Swiss Pavilion at Shanghai has Green Roof, Soybean Walls

Inside Abandoned Soviet Prison (PICS)

thebizzare.com From a Sea Fortress, to a Brutal Prison, to a Museum!
Posted by rappin

The Patarei Prison Museum in Tallinn, Russia was built in the 19th century. The prison was originally a sea fortress in 1840 and was turned into a prison in around 1919. This prison housed inmates until 2002 and was then turned into a museum. This museum is now an ideal location to experience the Soviet-era prison life in all its gloom. The prison has been left untouched since 2002 to give visitors a real-life feel of the dreariness of prison life.

Patarei Prison Museum 1 Prison Fortress turned into Museum
The museum shows off cotton swabs in the prison operating rooms. The cells still have books and magazines that belonged to the inmates. The museum offers a range of long tours and guides. There is reportedly also a guided tour that is in fact a “prison adventure” and tourists who successfully escape get to have a picnic as a reward.
Patarei Prison Museum 2 Prison Fortress turned into Museum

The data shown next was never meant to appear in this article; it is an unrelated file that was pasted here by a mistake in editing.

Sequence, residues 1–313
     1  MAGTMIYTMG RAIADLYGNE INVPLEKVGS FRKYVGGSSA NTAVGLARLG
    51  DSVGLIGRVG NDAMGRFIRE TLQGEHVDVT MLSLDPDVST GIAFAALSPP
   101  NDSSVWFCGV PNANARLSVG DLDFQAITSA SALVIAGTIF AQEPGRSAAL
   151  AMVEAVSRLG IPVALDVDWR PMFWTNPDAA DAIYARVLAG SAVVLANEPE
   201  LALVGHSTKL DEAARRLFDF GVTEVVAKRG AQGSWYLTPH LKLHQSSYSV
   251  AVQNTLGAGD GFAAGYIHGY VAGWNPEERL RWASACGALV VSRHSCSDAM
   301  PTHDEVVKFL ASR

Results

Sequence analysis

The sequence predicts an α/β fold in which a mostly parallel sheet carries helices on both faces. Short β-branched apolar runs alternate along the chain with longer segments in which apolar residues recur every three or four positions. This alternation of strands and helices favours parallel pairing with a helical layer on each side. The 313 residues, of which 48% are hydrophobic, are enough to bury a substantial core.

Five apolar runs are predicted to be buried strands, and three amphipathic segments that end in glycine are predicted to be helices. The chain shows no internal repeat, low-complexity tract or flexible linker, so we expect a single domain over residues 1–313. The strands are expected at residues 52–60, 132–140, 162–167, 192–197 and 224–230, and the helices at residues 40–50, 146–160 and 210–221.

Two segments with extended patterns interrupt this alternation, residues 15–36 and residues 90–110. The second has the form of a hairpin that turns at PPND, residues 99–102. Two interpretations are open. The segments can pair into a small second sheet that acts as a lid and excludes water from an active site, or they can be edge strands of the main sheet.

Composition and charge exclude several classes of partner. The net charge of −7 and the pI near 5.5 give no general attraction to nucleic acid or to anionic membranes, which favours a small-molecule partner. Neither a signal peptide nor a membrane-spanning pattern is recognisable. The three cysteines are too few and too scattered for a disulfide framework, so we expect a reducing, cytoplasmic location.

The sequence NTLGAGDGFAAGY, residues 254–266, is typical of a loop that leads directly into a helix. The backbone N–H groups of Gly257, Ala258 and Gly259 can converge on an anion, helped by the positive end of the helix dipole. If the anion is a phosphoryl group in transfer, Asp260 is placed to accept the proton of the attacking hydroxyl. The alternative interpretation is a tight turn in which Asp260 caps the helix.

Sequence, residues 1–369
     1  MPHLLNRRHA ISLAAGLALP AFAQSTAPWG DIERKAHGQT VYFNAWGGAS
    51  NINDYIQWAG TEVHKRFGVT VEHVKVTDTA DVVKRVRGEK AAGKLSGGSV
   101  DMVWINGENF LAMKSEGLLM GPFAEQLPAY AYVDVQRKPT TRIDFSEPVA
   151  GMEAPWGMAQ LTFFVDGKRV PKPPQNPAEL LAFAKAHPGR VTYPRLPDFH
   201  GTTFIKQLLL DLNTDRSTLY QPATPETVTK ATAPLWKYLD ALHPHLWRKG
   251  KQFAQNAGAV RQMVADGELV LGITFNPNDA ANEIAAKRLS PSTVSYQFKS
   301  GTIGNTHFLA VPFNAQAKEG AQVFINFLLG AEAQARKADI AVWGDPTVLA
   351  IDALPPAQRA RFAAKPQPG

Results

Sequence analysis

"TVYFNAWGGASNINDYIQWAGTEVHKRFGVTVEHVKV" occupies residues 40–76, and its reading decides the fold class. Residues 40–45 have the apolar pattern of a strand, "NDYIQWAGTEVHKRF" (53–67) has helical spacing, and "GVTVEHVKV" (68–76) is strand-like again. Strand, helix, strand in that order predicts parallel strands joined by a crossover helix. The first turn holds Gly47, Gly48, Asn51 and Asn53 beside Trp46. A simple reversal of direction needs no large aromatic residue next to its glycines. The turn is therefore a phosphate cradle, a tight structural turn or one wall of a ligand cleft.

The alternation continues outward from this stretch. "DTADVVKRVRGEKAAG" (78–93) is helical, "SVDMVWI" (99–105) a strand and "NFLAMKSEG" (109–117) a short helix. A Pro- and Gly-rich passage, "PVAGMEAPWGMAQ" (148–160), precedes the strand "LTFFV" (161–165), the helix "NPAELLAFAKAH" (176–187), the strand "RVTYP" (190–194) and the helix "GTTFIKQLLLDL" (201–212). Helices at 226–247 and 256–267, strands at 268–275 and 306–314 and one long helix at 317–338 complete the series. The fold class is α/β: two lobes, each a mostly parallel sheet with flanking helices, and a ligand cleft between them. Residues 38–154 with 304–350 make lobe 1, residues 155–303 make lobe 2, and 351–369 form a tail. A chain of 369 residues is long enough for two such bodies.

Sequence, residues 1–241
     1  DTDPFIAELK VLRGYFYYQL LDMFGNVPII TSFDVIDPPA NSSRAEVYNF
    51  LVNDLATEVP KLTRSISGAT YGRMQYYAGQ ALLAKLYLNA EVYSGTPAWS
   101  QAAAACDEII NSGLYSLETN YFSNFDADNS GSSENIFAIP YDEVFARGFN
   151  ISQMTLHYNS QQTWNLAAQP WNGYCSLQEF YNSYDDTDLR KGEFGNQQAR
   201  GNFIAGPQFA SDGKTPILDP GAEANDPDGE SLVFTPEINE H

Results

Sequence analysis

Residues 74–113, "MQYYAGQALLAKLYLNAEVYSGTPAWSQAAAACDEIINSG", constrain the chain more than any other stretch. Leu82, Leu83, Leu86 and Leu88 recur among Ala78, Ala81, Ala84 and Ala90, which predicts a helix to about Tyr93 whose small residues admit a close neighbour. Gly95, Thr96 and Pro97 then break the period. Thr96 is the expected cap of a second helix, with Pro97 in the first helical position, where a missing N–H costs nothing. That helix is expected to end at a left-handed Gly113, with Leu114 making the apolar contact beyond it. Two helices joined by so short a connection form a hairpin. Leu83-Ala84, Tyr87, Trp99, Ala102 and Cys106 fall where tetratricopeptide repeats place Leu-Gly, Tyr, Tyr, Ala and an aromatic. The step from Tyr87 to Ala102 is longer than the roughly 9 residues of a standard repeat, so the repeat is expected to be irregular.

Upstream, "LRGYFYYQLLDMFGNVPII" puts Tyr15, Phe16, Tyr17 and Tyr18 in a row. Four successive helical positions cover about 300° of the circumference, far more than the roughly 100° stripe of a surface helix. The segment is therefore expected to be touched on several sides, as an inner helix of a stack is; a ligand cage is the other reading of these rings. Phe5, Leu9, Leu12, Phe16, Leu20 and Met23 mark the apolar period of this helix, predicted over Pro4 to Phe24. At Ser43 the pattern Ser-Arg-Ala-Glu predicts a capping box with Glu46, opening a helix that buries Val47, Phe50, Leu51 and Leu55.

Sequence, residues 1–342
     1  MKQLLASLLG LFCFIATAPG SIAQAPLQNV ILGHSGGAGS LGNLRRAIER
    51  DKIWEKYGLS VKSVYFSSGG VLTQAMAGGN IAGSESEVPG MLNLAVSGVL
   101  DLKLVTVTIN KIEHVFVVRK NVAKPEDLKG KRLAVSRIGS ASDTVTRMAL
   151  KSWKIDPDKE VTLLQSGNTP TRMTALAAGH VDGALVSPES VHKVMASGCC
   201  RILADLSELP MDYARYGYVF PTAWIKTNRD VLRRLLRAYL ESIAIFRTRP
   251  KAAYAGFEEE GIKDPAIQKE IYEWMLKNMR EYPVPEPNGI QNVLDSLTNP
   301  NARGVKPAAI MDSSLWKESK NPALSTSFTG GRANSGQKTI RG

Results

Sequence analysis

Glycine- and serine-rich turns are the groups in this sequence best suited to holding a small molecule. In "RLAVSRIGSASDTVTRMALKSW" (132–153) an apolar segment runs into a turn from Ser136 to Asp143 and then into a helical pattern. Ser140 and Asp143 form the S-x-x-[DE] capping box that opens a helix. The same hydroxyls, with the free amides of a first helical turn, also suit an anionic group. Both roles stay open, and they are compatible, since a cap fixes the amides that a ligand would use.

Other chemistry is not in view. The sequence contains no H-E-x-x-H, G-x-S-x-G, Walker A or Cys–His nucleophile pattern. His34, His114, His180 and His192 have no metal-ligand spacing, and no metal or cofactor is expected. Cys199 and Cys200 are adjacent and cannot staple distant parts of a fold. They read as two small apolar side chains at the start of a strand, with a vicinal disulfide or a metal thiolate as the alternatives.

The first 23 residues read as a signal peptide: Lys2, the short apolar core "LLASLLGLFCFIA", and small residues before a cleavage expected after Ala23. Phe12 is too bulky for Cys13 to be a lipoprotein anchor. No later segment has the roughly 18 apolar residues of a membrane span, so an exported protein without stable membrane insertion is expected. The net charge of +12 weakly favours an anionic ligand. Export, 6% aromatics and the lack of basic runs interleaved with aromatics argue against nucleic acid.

Patarei Prison Museum 3 Prison Fortress turned into Museum
Patarei Prison Museum 4 Prison Fortress turned into Museum
Patarei Prison Museum 5 Prison Fortress turned into Museum
Patarei Prison Museum 6 Prison Fortress turned into Museum
Patarei Prison Museum 7 Prison Fortress turned into Museum
Patarei Prison Museum 8 Prison Fortress turned into Museum
Patarei Prison Museum 9 Prison Fortress turned into Museum
Patarei Prison Museum 10 Prison Fortress turned into Museum
Patarei Prison Museum 11 Prison Fortress turned into Museum
Patarei Prison Museum 12 Prison Fortress turned into Museum
Patarei Prison Museum 13 Prison Fortress turned into Museum
Patarei Prison Museum 14 Prison Fortress turned into Museum
Patarei Prison Museum 15 Prison Fortress turned into Museum
Patarei Prison Museum 16 Prison Fortress turned into Museum
Patarei Prison Museum 17 Prison Fortress turned into Museum
Patarei Prison Museum 18 Prison Fortress turned into Museum
Photos VIA

The message in a bottle that turned up 30 years later - on Facebook

By Luke Salkeld
From: http://www.dailymail.co.uk



As methods of communication, they are an age apart.

So it is perhaps not surprising that it took over 30 years for Olivier Vandevalle to get a reply to his message in a bottle - via Facebook.

At the age of 14, aboard his family's yacht on a sailing holiday cruising along the south coast of England, he tore a page from an exercise book and wrote a message which he secured in a wine bottle in the summer of 1977.

Olivier Vandewalle and his father
Olivier Vandewalle and his son